Exploring Barcelona With Rick Steves

Let me admit a certain amount of bias upfront: I spent a decade writing guidebooks for Frommer’s Travel Guides, so I’m predisposed to believe guidebooks are useful. But in recent years, that belief has taken a beating. Even before the pandemic, guidebooks were an endangered species, since a growing cohort of travelers think they can get everything they need from the Internet. That led to guidebooks being updated less frequently, which undermined their utility. More recently, guidebooks have been getting a bad reputation thanks to what the New York Times calls “a new form of travel scam: shoddy guidebooks that appear to be compiled with the help of generative artificial intelligence, self-published and bolstered by sham reviews, that have proliferated in recent months on Amazon.”

When I was planning my trip to Barcelona this spring, I’d pretty much sworn off guidebooks. This would be my fifth trip to the Catalonian capital, and I felt like I knew my way around the city reasonably well. But when I glanced at the latest guidebook options, I noticed that Rick Steves had a recently updated guide to the city. On impulse, I decided to buy it.

Friends, I’m so glad I did.

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Barcelona’s Casa Calvet

Barcelona is a city that I find more beautiful the closer I get to it. There’s nothing particularly striking about its skyline when viewed from a plane or train. Even from Montjuïc, one of Barcelona’s two mountains, the view is more impressive for what it captures of the Mediterranean than for what you can see of the city itself (see photo above). But once you start walking through its streets, Barcelona becomes so stunning that it’s almost impossible to believe. Up close, Barcelona’s charms are irresistible.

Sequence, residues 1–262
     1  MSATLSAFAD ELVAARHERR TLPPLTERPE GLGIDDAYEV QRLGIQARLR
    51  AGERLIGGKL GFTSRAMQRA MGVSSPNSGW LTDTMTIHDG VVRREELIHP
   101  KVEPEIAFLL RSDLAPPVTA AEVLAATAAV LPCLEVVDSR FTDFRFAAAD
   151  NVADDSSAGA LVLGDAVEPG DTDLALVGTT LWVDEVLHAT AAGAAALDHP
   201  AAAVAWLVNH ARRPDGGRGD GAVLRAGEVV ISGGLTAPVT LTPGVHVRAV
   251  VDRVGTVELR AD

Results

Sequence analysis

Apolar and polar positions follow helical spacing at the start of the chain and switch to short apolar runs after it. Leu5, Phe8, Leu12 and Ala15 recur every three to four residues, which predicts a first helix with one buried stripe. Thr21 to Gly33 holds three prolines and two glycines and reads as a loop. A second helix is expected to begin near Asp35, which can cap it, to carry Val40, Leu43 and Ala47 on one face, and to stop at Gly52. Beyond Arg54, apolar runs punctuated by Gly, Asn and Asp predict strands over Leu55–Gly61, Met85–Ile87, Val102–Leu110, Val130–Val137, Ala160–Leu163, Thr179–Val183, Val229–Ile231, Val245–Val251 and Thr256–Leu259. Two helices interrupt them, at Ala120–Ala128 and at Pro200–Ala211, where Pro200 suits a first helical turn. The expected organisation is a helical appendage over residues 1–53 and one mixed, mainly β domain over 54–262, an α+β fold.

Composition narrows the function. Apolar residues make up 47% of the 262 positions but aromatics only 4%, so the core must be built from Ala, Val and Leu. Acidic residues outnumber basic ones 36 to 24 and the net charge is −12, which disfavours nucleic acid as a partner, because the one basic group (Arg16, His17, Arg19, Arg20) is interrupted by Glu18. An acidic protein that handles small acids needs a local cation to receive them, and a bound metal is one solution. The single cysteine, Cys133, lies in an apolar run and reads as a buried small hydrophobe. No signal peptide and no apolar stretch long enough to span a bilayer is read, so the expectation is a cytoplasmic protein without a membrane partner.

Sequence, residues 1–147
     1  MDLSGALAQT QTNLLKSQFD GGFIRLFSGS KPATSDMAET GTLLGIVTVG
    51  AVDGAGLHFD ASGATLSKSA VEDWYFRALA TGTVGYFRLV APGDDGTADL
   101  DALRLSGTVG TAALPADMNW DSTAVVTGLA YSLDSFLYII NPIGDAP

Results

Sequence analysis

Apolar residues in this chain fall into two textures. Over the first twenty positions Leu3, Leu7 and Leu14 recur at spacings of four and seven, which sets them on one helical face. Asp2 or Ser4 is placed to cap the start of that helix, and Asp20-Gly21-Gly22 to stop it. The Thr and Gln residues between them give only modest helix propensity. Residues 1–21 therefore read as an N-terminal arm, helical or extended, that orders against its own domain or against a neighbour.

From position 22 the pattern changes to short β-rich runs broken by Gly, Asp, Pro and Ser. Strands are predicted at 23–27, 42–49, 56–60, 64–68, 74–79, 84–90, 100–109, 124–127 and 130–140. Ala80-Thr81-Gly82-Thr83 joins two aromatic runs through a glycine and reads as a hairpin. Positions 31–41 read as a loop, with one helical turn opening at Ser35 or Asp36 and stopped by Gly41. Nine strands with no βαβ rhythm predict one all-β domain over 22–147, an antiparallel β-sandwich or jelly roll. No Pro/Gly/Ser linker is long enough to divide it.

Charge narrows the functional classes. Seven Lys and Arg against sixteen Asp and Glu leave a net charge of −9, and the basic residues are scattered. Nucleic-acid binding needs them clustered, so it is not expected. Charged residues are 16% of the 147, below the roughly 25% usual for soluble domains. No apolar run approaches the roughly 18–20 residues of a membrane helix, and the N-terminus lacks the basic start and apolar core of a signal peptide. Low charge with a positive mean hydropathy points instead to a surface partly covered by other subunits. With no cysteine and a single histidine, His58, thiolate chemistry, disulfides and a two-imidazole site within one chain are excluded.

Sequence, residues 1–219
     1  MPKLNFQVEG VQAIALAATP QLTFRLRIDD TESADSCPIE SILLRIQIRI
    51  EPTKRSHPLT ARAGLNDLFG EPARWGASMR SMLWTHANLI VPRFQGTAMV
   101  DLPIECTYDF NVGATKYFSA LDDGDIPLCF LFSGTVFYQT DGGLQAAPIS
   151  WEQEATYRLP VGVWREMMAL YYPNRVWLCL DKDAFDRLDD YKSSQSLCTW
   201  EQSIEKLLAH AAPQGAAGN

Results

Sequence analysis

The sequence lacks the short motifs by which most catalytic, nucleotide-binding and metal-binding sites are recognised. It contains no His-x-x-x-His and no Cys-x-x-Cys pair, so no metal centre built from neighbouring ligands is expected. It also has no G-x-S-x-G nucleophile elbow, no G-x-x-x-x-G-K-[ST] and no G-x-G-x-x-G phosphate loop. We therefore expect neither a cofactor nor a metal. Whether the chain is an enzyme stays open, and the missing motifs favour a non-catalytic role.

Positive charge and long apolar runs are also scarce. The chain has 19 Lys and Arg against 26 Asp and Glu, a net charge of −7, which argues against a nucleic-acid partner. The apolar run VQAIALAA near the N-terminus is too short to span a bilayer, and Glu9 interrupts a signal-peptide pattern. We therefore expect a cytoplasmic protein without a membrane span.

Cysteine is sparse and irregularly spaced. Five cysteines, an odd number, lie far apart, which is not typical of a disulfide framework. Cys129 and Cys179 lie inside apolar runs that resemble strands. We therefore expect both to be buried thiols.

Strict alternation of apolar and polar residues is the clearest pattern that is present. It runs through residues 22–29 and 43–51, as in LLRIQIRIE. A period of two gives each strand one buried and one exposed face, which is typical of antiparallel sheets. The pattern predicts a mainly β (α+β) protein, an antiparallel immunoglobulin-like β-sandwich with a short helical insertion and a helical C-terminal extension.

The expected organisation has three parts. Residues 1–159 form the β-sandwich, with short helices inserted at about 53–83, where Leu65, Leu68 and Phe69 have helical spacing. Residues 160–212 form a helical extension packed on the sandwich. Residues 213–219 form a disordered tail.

Part of the city’s attraction is its unusual layout and architecture. For starters, once you’ve seen octagonal intersections, you wonder why anyone would plan them any other way. Then there’s the work of extraordinary architects, such as Antoni Gaudí. His inspiring Sagrada Familia, psychedelic Park Güell, and various otherworldly visions are an essential part of what makes Barcelona so dramatic and unique.

Casa Calvet is considered the most conventional of Gaudí’s buildings. Located in the Eixample district, it was built for a textile manufacturer in 1898. While the exterior is far more conventional than a typical Gaudí project, its interior is striking. Better yet, a restaurant (also called Casa Calvet) has been open on the premises since 1994, making fine use of the ground-floor rooms with their soaring, undulating ceilings. But this isn’t a dining spot that gets by on its good looks. While the menu at Casa Calvet changes frequently, I was impressed by the duck-breast salad I had as a starter, and the main-course grilled hake (a salt-water fish that’s similar to cod); both were already gluten-free and required no modification to make them safe for me. Almost everything was made from scratch on the premises (always a help when you need to identify every ingredient in a dish), except the rice cakes that were served to me in lieu of bread. Familiar with celiac disease and the gluten-free diet, the thoughtful restaurant staff made the evening extraordinary. I’ve learned not to expect anything less from Barcelona.